I haven’t confirmed each and every one of these writers as full 10-consecutive-year BBWAA members, but this is the list of BBWAA badges issued in 2005. Assuming they remained dues-paying BBWAA members since then, this is the 2015 freshman Hall of Fame voting class (eligible to vote for Hall of Fame candidates in December, 2014):

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How Did Last Year’s 5 Blank Ballot Submitters Vote in 2014?

Last year, five writers submitted blank ballots (which doesn’t count as a non-vote, it counts as a vote against everybody, and brings every player’s percentage down). One of those voters has managed to remain anonymous. The other four came forward: Jorge Ebro (who famously didn’t realize that sending back a blank ballot would harm all candidates), Chris Jenkins (who wrote a column explaining why he did it), Mark Faller (whose explanation is now behind a paywall), and Howard Bryant from ESPN.

This year, one voter submitted a blank ballot according to the BBWAA. Was it the same anonymous voter as last year? Nobody knows except for that voter. It could be Chris Jenkins, who has yet to reveal his ballot this year in the San Diego Union Tribune or to me when asked via email.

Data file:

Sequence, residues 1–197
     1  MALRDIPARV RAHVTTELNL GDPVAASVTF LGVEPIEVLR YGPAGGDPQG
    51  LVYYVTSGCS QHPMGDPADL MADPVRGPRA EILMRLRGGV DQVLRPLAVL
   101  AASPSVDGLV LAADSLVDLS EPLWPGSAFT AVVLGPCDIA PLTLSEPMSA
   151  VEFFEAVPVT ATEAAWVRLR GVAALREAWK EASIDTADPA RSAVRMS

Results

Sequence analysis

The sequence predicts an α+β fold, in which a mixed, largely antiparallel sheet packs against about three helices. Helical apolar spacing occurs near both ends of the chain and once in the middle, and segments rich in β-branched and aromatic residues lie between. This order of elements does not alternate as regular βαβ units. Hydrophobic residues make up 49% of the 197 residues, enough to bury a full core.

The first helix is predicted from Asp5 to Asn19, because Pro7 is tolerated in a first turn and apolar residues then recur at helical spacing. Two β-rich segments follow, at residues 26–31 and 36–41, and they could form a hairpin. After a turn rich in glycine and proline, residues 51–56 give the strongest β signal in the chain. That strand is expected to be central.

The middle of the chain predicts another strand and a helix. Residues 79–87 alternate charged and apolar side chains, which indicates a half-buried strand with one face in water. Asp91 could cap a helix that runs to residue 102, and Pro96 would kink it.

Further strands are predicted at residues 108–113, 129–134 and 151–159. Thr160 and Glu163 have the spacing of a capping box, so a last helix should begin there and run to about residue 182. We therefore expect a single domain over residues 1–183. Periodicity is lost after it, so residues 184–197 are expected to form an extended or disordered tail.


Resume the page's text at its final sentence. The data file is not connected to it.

The other three 2013 blank ballot submitters have revealed their ballots again this year:

  • Jorge Ebro told me via email that he voted for 6 players this year: Biggio, Glavine, Maddux, Morris, Piazza, and Thomas.
  • Howard Bryant told me on Twitter that he voted for Glavine, Maddux, Morris, and Thomas.
  • Mark Faller went from zero to the maximum 10, as he detailed in a column last week: Bagwell, Biggio, Glavine, Maddux, Morris, Piazza, Raines, Schilling, Smith, and Thomas

So all that’s left is Jenkins and our anonymous Blank Ballot Bandit(s). I’ll update this post if Jenkins (or any other blank balloter) reveals his 2014 ballot.

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Public vs. Anonymous Voters

Moises Alou (6), Hideo Nomo (6), Luis Gonzalez (5), Eric Gagne (2), J.T. Snow (2), Armando Benitez (1), Jacque Jones (1), and Kenny Rogers (1) received a total of 24 votes between them.

I’ve collected 49.21% of the ballots that were cast. Nearly half.

We know where exactly 1 of those 24 votes came from. The other 23 remain anonymous.

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Player Support By Ballot Size

With 281 ballots collected (49.2% of total known ballots), here’s how much support players received from voters based on the number of players included on ballots:


  • Bagwell received almost no support from voters who had fewer than 7 players on their ballots.
  • Biggio received little support from writers who voted for fewer than 5 players.
  • Frank Thomas was not a Hall of Famer to 3 and 4 vote ballot casters.
  • Tim Raines received well over 50% support from writers who voted for 6 or more players, but received just 2 of 35 other votes.
  • Ken Gurnick is the worst. (So far, anyway. Apparently there was at least one blank ballot submitted.)